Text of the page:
Written by Bill Russell and Frank Kelly with music by Albert Evans, the show originally debuted off-Broadway 22 years ago. It boasts everything from swimsuit and evening gown competitions to production numbers and other eye-openers along the catwalk — mainly men in drag. Read More
Be forewarned: Mike Tyson wants to show off his sensitive side.
“Mike Tyson: Undisputed Truth” hits the Orpheum Theatre for three nights beginning Feb. 28. The one-man show chronicles the 46-year-old former undisputed heavyweight-boxing champion’s headline-filled life, from his rise to fame in and out of the boxing ring since the 1980s to his lesser-known personal transformations.
Director Spike Lee has called the outing a tale of “redemption.” Read More
Two years after its 75th anniversary, the Bay Bridge is about to experience a birthday celebration of unprecedented proportions, called The Bay Lights.
The massive light-as-art installation is by Leo Villareal, known as the “Maestro of Light.” He was approached by Ben Davis, founder of the San Francisco creative-marketing agency Words Pictures Ideas, to create the piece. Read More
Weaving 700 pages of transcribed interviews of undocumented teens into a compelling story is a daunting task for a writer, but something in the words sparked Gary Soto’s interest — hope.
That hope is paramount in the playwright's latest work, “In and Out of Shadows,” opening Saturday in a production presented by the Marsh Youth Theater.
In the ambitious undertaking, some two dozen young actors of varied ethnic backgrounds shed light on what it’s like to be an undocumented youth in Richmond or Pinole. Read More
Thirty-five years ago, Harvey Milk sent a powerful ripple effect into political waters, ushering in a new era for civil rights. Today, more than three decades after his assassination, a new play illuminates the man and his impact on society — and gay rights — in a new way. Read More
Food gets a savage yet playful skewering in writer-director Morris Bobrow’s revue “Foodies! The Musical,” now playing at the Shelton Theater.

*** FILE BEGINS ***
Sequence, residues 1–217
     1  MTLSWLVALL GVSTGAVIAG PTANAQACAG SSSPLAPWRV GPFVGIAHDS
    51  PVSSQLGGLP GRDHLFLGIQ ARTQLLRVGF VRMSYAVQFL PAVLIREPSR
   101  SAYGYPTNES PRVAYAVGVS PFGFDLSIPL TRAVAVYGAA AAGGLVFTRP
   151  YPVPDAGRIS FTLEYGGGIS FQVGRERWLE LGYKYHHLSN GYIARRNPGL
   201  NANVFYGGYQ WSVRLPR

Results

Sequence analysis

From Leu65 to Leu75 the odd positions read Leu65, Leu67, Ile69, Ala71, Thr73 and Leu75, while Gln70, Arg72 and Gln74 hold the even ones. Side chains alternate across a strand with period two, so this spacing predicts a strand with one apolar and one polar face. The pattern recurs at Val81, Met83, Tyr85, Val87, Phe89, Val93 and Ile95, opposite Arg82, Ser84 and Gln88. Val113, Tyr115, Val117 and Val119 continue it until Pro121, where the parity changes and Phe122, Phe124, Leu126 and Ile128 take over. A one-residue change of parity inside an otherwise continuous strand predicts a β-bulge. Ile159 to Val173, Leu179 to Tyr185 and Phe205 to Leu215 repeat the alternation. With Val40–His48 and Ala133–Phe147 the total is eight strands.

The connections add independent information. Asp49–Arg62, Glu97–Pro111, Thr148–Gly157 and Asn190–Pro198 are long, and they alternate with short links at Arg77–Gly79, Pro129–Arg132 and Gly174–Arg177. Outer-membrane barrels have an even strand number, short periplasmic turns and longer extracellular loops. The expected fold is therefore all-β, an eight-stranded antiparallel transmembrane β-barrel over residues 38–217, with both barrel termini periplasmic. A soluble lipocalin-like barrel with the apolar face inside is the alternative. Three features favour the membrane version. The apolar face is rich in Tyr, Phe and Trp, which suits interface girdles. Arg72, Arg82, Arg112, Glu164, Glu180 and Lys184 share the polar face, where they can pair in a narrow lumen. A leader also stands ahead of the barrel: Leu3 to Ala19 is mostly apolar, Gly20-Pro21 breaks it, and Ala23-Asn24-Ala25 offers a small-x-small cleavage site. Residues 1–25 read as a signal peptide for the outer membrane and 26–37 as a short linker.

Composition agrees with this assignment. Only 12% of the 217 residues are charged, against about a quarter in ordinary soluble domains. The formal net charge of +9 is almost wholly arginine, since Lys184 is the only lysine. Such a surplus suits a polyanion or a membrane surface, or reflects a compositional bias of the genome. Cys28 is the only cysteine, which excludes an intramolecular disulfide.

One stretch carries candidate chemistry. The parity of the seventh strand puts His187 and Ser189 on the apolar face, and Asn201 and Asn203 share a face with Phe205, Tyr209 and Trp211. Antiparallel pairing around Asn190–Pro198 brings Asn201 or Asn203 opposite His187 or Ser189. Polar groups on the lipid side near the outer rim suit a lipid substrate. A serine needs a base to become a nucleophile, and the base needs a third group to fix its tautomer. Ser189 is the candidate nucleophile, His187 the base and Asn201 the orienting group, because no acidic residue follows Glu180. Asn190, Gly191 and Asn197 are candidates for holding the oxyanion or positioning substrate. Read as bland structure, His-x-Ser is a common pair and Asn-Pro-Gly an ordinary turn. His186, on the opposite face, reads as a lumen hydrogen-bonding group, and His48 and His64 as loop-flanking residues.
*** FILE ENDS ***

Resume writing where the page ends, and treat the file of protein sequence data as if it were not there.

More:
Yet locals expect nothing less from Bobrow. The longtime playwright is the genius behind simliarly formatted hit shows in The City: “Shopping: The Musical” and “Party of 1” (and “2”) among them. Read More
Forget reindeer. It looks as if dragons may fly higher during this holiday season.
That’s the thinking behind “DreamWorks’ How To Train Your Dragon Live Spectacular,” which comes to fiery life at HP Pavilion in San Jose on Wednesday.
The huge show, based on the hit 2010 DreamWorks film of the same name, adds nuances — many in the dragons themselves. Read More
Jeff Garrett has a lot on his mind this holiday season. Make that a lot of people.
The local actor mentally juggles beloved Charles Dickens characters — Bob Cratchit, Jacob Marley, Tiny Tim and Scrooge — in an ambitious one-man show, “Scrooge: The Haunting of Ebenezer.”
The “Christmas Carol” reboot, at the Boxcar Theatre, finds Garrett showcasing every character in ways audiences may not have seen before. Read More
There’s no shortage of theatrical color in San Francisco during the holidays, and if The Crackpot Crones have their way, their “Crones for the Holidays” just might leave an indelible imprint.
The troupe, which blends improv and sketch comedy, opens its new show, a robust, feminism-tinged estrogen parade, on Saturday at Stage Werx.
One question immediately comes to mind: What exactly is a crackpot crone? Read More